Bianca Sanon

A few of Bianca’s favorite works that have deeply spoken to and informed her

A few of Bianca’s favorite works that have deeply spoken to and informed her

A few words about Bianca

Almost a year ago, I met with a group of four friends to try writing an article about their common dream to create community and illuminate the city through an inclusive winebar/bookstore/cafe. A few minutes into the chat, it became overwhelmingly evident that there was nothing about these four souls that was ordinary. It wasn’t the plethora of Masters degrees among them or the extremely well-studied concept they proposed, it was this sense of palpable power their union had bestowed upon them. There’s a power that grows within people as they realize that their life experiences have prepared them for a certain moment in time. If anyone embodies that tenet, it’s Bianca Sanon. The article didn’t come to fruition, but I’m grateful it was my introduction to Bianca - whose growth and leadership are unstoppable.

Bianca grew up with the measure of intellectual and physical discipline that one needs to get recruited to play tennis at Columbia University. After college, she found herself in the right place, surrounded by the right people at Semilla restaurant in Williamsburg, Brooklyn when it received its Michelin star. The Somm at the time gave her a stack of tech sheets when she expressed her interest in learning about wine and Bianca has them to this day, dog-eared and organized in a three ring binder. Currently the Somm herself at the new restaurant Boia De, she’s an advocate of low intervention wine and is always ready to help patrons expand their palates and horizons.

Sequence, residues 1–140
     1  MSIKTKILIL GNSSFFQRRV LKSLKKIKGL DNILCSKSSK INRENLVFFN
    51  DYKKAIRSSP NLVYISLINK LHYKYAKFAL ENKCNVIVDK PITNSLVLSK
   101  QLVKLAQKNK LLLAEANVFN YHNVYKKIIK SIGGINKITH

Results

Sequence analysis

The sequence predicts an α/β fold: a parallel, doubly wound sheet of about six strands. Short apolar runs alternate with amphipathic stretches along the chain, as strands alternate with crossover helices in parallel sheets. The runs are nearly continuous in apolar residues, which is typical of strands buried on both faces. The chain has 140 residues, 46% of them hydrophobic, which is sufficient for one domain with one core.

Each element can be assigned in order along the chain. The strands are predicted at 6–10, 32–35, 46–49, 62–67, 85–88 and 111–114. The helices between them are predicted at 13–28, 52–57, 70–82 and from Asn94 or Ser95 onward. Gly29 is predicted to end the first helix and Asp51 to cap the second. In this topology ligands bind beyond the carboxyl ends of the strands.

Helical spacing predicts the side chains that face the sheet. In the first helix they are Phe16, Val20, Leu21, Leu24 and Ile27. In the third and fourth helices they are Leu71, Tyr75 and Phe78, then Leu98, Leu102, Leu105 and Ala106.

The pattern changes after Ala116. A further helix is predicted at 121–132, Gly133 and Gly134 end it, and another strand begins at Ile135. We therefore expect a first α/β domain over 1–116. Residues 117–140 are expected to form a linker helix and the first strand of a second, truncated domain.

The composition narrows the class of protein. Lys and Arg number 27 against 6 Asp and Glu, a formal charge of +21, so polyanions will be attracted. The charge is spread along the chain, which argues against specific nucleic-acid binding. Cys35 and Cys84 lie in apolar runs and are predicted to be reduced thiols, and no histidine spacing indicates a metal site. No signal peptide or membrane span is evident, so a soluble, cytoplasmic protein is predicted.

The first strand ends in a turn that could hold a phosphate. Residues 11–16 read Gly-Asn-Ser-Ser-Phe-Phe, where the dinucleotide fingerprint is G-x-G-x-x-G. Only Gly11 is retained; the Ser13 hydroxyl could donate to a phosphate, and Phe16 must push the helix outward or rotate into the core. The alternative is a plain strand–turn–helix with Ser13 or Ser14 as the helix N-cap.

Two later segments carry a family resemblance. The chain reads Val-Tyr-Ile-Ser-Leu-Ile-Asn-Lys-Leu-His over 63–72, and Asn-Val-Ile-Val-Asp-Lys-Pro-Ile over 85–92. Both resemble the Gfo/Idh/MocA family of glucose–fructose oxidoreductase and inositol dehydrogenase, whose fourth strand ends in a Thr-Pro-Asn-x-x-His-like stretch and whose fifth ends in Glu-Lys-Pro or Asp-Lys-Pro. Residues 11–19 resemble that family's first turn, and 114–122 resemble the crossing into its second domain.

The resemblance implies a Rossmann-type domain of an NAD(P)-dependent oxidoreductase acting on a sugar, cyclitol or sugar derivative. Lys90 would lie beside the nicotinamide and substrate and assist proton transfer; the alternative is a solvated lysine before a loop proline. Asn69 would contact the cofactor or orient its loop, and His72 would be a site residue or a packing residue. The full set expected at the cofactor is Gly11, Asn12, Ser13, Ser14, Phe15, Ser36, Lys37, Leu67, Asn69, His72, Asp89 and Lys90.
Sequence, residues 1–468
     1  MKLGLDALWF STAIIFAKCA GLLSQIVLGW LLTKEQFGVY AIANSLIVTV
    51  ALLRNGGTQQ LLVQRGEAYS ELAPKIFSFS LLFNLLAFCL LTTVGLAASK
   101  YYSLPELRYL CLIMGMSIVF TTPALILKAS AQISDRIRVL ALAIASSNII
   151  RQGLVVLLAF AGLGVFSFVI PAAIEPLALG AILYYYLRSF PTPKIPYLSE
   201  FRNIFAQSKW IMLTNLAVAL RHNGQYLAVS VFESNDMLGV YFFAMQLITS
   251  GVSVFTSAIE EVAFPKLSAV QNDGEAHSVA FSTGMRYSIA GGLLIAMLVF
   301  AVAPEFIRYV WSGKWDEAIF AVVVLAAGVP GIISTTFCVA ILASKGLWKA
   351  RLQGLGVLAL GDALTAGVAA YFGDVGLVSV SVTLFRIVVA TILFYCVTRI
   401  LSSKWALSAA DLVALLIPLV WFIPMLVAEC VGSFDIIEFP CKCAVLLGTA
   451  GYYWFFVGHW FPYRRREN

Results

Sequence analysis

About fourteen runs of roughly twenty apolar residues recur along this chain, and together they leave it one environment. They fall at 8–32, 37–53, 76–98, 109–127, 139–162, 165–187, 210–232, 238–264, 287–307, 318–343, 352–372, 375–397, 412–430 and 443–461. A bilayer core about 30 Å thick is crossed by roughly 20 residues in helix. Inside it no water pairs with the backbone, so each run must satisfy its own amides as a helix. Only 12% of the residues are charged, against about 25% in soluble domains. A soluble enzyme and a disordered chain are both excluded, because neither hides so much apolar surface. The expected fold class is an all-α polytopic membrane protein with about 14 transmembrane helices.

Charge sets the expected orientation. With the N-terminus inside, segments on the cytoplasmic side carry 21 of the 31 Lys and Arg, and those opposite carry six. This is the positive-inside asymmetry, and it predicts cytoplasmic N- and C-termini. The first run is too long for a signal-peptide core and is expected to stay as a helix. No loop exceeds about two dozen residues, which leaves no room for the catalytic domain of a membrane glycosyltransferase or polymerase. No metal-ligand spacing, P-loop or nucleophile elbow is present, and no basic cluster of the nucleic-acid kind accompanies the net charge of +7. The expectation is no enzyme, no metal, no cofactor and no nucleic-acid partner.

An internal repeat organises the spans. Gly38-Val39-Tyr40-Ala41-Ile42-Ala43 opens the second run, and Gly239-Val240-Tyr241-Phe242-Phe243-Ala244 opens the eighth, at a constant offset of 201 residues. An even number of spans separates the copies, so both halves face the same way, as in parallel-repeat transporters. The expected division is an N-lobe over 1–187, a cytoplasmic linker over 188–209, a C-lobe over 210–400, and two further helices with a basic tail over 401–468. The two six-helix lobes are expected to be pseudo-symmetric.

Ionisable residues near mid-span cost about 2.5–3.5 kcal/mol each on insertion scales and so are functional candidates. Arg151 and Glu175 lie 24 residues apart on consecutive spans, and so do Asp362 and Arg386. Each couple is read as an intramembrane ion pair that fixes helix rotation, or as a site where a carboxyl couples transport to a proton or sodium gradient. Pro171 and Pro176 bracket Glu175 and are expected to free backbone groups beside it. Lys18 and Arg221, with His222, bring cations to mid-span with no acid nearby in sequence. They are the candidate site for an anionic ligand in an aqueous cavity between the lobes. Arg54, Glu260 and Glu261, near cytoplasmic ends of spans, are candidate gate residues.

But there’s so much more to Bianca than wine. Wine is just one part of the whole person. She’s equal parts equality, inclusion, community, ecology - she makes me so proud and hopeful for the future of our city and our nation. Read on to learn about rising star Bianca in her own words below.

This photo doesn’t even need a caption - it speaks to someone who is doing what they love.

This photo doesn’t even need a caption - it speaks to someone who is doing what they love.

Always learning. Always growing. Never satisfied. That’s the spirit behind Bianca’s work at new sensation Boia de

Always learning. Always growing. Never satisfied. That’s the spirit behind Bianca’s work at new sensation Boia de

3 Questions for Bianca

What Are You Doing?

- I am the general manager and sommelier at Boia De, a new restaurant in Little Haiti. I’ve been working with Alex and Luci since January when they first brought me on in the very nascent stages of Boia De, and I'm thankful to work with such kindhearted and talented chefs. My responsibilities include everything from Maître D to Beverage Director to General Manager, and I’ve been lucky enough to join the small but solid rank of industry professionals who are committed to the ethos of low intervention winemaking and make it as accessible as possible for the Miami dining community. When I’m not working, I try and spend my time reading, cooking, studying and trying to be more active in the Miami community.